The print number setting switch SCNT is a switch for setting the number of prints. By turning it on, the specified number is varied cyclically. To be specific, the number of prints is normally set to 1. It is incremented by one each time the switch SCNT is turned on, and returns to 0 after it reaches 9. It is reset to 1 when photographing is finished. The photographic mode selecting switch SMOD is a switch for setting the photographic mode. By turning it on, the specified photographic mode is varied cyclically. To be specific, the photographic mode is varied cyclically in the order of the high vision mode, the normal mode, the panorama mode and the high vision mode each time the switch SMOD is turned on.

When a release switch SREL is turned on, a sequence of operations including photometry, exposure and film transportation is performed. The data changing switch SCHG, the print number setting switch SCNT and the photographic mode selecting switch SMOD are all switches of a type turned on by pressing a button and turned off by releasing the button. Based on the conditions of the switches SCHG, SCNT, SMOD and SREL, a microcomputer 1 controls the previously-described apparatuses and memory.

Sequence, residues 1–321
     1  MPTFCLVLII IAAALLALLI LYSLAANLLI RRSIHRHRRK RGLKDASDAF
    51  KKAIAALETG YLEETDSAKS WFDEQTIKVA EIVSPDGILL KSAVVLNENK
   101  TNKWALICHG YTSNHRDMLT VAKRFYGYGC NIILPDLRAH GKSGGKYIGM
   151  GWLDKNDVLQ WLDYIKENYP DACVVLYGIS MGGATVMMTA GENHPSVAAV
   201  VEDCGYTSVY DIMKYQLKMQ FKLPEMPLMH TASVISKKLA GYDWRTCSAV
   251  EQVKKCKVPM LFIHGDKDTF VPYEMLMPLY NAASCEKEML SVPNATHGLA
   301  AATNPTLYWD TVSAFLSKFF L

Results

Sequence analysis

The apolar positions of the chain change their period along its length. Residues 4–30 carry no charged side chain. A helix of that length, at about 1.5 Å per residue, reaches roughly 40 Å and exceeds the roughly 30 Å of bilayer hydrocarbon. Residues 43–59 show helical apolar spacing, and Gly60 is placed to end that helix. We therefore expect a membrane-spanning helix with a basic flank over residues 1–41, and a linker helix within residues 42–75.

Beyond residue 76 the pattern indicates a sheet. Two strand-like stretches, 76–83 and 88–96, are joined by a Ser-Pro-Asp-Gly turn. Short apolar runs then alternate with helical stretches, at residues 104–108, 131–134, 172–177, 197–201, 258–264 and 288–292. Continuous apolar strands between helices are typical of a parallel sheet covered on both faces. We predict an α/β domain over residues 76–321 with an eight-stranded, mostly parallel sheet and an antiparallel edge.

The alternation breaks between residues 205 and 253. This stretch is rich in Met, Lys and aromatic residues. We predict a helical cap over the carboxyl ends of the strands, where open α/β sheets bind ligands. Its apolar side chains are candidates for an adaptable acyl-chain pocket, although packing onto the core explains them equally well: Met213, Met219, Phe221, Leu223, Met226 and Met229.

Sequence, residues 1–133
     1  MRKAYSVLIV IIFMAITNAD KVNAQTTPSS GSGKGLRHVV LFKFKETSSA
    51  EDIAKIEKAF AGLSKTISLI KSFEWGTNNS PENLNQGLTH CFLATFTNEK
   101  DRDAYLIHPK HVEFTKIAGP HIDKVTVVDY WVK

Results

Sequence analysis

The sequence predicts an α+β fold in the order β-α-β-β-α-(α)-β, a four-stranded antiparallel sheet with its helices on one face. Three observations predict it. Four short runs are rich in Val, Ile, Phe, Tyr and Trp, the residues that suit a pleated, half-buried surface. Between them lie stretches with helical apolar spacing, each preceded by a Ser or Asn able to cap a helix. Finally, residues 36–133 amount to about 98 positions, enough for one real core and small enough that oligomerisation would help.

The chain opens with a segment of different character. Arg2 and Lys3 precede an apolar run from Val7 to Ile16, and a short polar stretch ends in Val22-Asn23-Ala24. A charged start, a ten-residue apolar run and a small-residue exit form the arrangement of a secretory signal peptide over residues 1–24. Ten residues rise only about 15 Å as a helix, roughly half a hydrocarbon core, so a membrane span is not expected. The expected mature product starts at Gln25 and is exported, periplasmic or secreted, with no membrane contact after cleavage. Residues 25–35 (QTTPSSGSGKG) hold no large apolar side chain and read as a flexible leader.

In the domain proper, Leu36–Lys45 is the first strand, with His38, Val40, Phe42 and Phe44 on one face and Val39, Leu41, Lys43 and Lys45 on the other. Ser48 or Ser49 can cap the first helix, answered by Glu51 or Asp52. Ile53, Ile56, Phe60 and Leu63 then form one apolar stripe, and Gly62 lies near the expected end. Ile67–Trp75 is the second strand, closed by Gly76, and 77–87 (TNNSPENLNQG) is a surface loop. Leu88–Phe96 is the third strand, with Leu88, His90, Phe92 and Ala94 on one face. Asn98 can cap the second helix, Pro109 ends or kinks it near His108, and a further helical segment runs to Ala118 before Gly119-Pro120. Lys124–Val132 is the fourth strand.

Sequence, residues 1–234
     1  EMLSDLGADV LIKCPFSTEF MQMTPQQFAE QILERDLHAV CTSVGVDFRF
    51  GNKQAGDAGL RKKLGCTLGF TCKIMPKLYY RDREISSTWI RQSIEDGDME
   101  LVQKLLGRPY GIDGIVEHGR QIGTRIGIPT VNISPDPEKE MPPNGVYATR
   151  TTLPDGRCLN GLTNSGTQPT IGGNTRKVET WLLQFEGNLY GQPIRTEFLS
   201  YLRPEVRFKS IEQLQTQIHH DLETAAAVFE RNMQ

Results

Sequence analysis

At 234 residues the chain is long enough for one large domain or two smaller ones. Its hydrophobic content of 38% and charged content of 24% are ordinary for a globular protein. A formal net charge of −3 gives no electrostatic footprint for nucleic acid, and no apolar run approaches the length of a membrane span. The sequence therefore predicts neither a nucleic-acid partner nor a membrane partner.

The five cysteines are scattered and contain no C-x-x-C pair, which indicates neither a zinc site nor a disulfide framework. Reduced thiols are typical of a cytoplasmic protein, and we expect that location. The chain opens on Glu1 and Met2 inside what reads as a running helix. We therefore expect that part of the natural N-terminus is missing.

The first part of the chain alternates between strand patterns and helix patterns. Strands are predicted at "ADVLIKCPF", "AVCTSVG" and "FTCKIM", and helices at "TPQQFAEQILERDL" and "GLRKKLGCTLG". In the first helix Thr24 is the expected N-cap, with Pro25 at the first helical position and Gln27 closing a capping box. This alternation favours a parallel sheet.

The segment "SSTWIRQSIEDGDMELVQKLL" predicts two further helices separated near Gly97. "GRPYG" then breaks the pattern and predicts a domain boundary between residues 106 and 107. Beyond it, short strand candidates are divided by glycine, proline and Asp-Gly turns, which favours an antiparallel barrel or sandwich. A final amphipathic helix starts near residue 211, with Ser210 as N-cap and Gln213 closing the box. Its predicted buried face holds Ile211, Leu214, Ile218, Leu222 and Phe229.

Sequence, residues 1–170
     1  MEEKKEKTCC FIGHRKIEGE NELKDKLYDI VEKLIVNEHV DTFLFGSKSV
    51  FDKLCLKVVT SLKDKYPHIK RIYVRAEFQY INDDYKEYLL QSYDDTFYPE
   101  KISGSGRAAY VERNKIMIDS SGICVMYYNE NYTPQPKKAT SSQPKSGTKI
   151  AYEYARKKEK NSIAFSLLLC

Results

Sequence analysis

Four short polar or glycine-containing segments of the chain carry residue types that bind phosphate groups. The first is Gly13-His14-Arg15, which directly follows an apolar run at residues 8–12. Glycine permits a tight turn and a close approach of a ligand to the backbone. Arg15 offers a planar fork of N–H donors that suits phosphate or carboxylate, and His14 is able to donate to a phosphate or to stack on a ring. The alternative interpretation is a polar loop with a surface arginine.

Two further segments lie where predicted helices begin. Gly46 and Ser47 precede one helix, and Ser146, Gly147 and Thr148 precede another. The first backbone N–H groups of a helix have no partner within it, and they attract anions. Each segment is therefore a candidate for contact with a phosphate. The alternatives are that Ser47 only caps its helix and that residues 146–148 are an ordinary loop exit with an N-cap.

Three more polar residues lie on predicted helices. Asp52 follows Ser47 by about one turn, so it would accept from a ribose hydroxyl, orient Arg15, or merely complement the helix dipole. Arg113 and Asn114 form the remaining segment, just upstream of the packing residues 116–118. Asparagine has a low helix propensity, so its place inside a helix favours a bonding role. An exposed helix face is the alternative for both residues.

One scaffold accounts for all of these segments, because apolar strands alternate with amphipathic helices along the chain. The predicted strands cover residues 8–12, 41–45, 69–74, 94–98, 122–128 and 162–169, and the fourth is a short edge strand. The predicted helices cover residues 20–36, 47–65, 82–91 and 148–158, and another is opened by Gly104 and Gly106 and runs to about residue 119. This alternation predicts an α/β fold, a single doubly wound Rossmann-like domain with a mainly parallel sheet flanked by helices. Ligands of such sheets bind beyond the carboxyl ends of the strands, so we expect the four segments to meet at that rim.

Referring now to FIGS. 4 and 5, there are shown flowcharts of a normal operation of the first embodiment. When a power switch (not shown) is turned on, a control operation by the microcomputer 1 is started. When this happens, the frame FR to be exposed in the next photographing is located at a position on which a subject image is projected.